Print Issues

Volume 70, Issue 2


Arbitration About Arbitration

by  David Horton

The U.S. Supreme Court’s interpretation of the Federal Arbitration Act (FAA) has nearly eliminated consumer and employment class actions, sparking vigorous debate. But another important development in federal arbitration law has flown largely under the radar. Traditionally, judges granted motions to compel arbitration only after confirming that the parties had formed a valid agreement to…


Who Are ‘Officers of the United States’?

by  Jennifer L. Mascott

For decades courts have believed that only officials with “significant authority” are “Officers of the United States” subject to the Constitution’s Article II Appointments Clause requirements. But this standard has proved difficult to apply to major categories of officials. This Article examines whether “significant authority” is even the proper standard, at least as that standard…


Reclaiming Fiduciary Law for the City

by  Max Schanzenbach & Nadav Shoked

Modern law sets “public” local government law apart from “private” business entities law. Although intuitive, this distinction ignores legal history and, even more troublingly, the contemporary practices of local governments. Due to distressed finances and a political atmosphere favoring privatization, present-day cities routinely engage in sophisticated market transactions typical of private business entities. Current law…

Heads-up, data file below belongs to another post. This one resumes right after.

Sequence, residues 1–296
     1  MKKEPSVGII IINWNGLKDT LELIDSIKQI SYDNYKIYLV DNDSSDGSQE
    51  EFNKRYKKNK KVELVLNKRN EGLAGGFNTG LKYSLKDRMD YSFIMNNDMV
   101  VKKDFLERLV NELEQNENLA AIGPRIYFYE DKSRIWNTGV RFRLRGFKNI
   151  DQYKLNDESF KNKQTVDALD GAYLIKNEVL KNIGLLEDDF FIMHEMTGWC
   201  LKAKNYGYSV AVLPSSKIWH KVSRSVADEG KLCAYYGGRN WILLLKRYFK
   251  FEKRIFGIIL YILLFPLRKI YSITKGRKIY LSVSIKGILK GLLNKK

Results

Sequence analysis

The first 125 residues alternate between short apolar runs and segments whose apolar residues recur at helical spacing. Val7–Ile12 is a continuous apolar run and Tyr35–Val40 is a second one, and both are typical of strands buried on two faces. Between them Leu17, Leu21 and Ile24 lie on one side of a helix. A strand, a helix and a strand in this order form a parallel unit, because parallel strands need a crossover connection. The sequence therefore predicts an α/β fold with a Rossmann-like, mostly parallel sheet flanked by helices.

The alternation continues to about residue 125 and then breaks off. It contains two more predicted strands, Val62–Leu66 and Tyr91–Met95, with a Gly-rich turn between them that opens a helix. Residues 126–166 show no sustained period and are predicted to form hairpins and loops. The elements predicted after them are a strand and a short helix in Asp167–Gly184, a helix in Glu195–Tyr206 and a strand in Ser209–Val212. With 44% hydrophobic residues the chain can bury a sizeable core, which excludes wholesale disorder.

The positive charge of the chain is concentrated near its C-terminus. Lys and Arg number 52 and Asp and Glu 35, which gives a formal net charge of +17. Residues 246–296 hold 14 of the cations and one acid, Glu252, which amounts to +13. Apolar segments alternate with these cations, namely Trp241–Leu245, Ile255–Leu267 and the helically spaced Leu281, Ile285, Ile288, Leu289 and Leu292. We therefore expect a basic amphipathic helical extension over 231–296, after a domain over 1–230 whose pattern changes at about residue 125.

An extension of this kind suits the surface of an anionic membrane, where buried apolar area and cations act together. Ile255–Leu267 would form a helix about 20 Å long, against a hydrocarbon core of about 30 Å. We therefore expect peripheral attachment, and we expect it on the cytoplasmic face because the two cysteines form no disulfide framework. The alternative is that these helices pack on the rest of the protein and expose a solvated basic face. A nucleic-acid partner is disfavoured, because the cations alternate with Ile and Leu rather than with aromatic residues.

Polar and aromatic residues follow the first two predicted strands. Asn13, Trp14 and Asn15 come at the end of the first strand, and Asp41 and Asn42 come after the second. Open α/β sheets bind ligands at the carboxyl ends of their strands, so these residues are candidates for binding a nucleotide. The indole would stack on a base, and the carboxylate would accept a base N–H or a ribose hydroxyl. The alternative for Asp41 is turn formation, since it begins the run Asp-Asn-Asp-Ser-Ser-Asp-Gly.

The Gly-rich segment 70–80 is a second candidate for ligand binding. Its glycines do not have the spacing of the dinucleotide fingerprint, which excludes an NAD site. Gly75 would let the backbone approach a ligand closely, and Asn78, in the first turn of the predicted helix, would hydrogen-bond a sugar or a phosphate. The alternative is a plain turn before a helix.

Interrogated with Intellectual Disabilities

The Risks of False Confession
by  Samson J. Schatz

False confessions happen. At least 245 people have been exonerated from convictions in cases featuring confessions that were simply not true. Confessions offer a narrative that allows law enforcement, and society in general, to neatly resolve cases with apparent clarity and closure. And yet the pressures officers place on suspects to provide that closure weigh…


Demystifying Hash Searches

by  Dennis Martin

A hash search is a very accurate, computationally efficient technique for testing whether a computer contains illicit material. Although police have been running hash searches for many years, case law is scarce regarding whether and to what extent the Fourth Amendment permits their use. Some commentators have argued that because hash searches reveal information concerning…